He indicates in his testimony that he had conversations with individuals at that facility who indicated they could not assist him with resolving his outstanding charges in Maryland.
As a result, he sent notice to the State of Maryland, which has been offered into evidence, January 31st, 2019. Then on February 6th, 2019, the State's Attorney's Office forwarded documents to him. And then on March 15th, 2019, he signed documents. As such, custody of his person wasprovided to the State of Maryland. He was located in the State of Maryland in May of 2019.
The Court has had an opportunity to consider the statute and the caselaw presented by [Mr. Ornstein's attorney]. The Court finds that notice was given on January 31. The State properly responded. And Mr. Ornstein indicated - or signed appropriate documents on March 15. That was the start date. His trial date is currently scheduled for September 4 and 5. The Court finds that it's within his speedy trial right. The Court denies the motion.

On September 4, 2019, Mr. Ornstein entered an Alford plea as to the robbery charge and the State nolle prossed the remaining charges. He was sentenced to five years' imprisonment.

This timely appeal followed.


Mr. Ornstein presents two questions on appeal:

1. Did the trial court err in denying his motion to dismiss for failure to comply with the IAD?
2. Did the trial court err in denying his motion to dismiss for failure to comply with his constitutional speedy trial rights?

We answer both questions in the negative and affirm.


A trial court's interpretation of a statute, such as the IAD, is considered a question of law that we review de novo. Harrison-Solomon v. State, 442 Md. 254, 265 (2015); Pitts v. State, 205 Md. App. 477, 586 (2012). When we review a court's decision denying a motion for a speedy trial, "we make our own independent constitutional analysis." Vaise v. State, 246 Md. App. 188, 216 (2020) (quoting Glover v. State, 368 Md. 211, 220 (2002))."We perform a de novo constitutional appraisal in light of the particular facts of the case at hand; in so doing, we accept a lower court's findings of facts unless clearly erroneous." Id. (quoting Glover, 368 Md. at 221).


We recently described the history and framework of the IAD, so rather than reinvent the wheel, we shall quote from our opinion at length:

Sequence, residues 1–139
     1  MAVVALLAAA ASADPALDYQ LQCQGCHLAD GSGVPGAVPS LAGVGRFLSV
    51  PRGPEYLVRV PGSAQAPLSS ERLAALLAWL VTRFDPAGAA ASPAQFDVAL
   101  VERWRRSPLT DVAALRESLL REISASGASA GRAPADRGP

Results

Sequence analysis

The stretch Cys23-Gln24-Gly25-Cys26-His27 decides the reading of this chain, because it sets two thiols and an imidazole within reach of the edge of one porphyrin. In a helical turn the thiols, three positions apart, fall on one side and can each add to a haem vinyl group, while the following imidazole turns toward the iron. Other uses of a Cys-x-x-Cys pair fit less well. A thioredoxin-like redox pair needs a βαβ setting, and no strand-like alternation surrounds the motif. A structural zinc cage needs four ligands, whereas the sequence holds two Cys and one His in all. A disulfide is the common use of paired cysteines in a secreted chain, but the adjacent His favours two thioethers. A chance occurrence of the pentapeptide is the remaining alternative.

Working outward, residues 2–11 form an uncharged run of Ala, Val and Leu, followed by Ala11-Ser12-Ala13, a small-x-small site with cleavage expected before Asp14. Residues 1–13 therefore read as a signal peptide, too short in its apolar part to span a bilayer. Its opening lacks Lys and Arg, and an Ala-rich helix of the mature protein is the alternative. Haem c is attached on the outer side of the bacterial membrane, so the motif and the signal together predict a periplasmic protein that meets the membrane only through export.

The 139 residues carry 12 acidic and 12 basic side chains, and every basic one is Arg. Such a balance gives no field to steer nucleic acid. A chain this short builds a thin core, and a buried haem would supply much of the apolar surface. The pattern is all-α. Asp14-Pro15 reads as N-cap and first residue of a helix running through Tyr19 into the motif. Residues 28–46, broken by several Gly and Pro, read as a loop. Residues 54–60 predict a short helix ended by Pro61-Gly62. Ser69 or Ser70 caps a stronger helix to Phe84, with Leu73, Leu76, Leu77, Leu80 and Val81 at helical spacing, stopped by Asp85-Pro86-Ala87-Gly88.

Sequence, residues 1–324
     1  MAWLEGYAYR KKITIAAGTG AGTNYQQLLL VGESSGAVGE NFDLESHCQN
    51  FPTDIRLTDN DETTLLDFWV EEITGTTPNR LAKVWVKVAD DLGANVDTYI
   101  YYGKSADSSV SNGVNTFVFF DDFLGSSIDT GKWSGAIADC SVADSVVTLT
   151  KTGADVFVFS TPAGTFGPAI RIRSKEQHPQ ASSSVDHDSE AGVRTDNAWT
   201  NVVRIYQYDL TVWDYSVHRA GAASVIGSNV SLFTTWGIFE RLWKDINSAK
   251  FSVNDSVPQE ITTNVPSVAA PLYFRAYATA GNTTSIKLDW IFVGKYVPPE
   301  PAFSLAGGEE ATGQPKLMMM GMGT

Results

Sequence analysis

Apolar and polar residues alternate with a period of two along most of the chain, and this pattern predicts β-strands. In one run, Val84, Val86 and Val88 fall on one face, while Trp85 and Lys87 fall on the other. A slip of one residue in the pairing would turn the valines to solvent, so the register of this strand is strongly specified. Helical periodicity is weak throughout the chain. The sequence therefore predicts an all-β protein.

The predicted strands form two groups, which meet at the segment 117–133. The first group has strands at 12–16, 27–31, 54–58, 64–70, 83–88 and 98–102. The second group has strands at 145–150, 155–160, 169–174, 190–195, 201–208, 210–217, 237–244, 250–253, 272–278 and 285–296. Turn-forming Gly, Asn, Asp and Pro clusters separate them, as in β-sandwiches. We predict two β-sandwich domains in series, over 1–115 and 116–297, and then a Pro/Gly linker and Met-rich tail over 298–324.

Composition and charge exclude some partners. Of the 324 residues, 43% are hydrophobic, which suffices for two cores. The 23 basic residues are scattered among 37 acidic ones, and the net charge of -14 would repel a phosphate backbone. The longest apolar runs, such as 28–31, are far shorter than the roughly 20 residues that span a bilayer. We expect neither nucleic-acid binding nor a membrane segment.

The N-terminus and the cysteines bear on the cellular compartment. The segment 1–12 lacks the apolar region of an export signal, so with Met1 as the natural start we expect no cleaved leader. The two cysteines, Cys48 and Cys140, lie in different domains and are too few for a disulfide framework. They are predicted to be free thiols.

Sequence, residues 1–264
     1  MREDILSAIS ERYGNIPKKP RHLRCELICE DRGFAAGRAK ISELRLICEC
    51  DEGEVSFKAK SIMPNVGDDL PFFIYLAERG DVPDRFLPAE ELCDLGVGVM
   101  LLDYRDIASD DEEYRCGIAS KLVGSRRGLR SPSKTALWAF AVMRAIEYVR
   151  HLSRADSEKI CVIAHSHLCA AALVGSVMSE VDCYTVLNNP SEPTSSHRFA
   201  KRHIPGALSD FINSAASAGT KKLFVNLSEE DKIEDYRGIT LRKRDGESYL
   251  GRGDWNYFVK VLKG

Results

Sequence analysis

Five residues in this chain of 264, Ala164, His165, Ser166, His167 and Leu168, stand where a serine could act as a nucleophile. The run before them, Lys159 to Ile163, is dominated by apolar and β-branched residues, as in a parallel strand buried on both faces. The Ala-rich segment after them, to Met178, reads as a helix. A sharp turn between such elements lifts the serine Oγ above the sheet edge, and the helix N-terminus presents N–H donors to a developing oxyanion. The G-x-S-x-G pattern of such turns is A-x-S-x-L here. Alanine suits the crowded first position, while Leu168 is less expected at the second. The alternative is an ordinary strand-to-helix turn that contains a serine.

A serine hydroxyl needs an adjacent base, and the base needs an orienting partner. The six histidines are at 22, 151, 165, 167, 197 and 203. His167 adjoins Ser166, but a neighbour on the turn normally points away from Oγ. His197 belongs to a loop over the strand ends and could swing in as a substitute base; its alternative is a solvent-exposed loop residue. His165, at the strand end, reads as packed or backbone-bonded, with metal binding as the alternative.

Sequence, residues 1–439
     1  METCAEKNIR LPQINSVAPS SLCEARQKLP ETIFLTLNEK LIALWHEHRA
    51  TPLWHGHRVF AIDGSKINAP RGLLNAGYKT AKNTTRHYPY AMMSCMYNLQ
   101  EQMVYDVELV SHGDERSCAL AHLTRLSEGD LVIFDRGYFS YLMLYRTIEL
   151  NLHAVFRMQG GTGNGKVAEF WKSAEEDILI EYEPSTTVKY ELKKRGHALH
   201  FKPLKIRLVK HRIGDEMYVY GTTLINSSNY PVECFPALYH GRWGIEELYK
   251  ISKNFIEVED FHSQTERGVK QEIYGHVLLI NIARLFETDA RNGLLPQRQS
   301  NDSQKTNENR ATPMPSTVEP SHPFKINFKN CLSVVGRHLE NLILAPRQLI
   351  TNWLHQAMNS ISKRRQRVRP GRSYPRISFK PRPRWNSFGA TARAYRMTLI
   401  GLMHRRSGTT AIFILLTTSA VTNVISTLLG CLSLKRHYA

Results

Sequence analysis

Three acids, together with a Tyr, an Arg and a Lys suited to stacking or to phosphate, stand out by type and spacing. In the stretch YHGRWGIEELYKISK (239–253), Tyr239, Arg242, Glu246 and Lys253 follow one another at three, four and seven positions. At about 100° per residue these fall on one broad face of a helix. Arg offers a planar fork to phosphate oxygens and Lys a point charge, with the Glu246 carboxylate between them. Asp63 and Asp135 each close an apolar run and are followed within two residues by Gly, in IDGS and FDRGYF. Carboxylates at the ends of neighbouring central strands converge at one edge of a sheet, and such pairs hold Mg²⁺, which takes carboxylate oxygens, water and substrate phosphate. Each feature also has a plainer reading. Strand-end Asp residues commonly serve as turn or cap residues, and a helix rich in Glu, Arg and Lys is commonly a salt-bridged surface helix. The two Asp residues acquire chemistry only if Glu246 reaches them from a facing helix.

A "detainer" is "a notification filed with the institution in which a prisoner is serving a sentence, advising that he is wanted to face pending criminal charges in another jurisdiction." State v. Pair, 416 Md. 157, 161 n.2, 5 A.3d 1090 (2010) (citing Stone v. State, 344 Md. 97, 108, 685 A.2d 441 (1996)). Prior to the IAD, unresolved detainers were known to complicate the prisoner's ability to fully participate in the rehabilitative, educational, and vocational services and programs offered by the incarcerating institution. State v. Jefferson, 319 Md. 674, 679-80, 574 A.2d 918 (1990) (citing Carchman v. Nash, 473 U.S. 716, 730, 105 S.Ct. 3401, 87 L.Ed.2d 516 (1985)). Such problems were described by the Court of Appeals in Jefferson:
[T]he inmate is (1) deprived of an opportunity to obtain a sentence to run concurrently with the sentence being served at the time the detainer is filed; (2) classified as a maximum or close custody risk; (3) ineligible for initial assignments to less than maximum security prisons (i.e., honor farms or forestry camp work); (4) ineligible for trustee status; (5) not allowed to live in preferred living quarters such as dormitories; (6) ineligible for study-release programs or work-release programs; (7) ineligible to be transferred to preferred medium or minimum custody institutions within the correctional system, which includes the removal of any possibility of transfer to an institution more appropriate for youthful offenders; (8) not entitled to preferred prison jobs which carry higher wages and entitle [him] to additional good time credits against [his] sentence; (9) inhibited by the denial of possibility of parole or any commutation of his sentence; (10) caused anxiety and thus hindered in the overall rehabilitation processsince he cannot take maximum advantage of his institutional opportunities.
In 1956, the Council of State Governments drafted what would become the IAD to address such problems. Pair, 416 Md. at 160, 5 A.3d 1090. The IAD took the form of a congressionally-sanctioned compact between its member states.[]Id. Maryland adopted the IAD in 1965, and it has been adopted by forty-eight states, the Federal Government, Puerto Rico, the U.S. Virgin Islands, and the District of Columbia. Id. Under the IAD, the states agreed to limit their authority over certain prisoners in exchange for the right to quickly dispose of untried indictments of defendants serving time in other states. See Thomas R. Clark, The Effect of Violations of the Interstate Agreement on Detainers on Subject Matter Jurisdiction, 54 Fordham L. Rev. 1209, 1218 n.46 (1986) ("The IAD is a limitation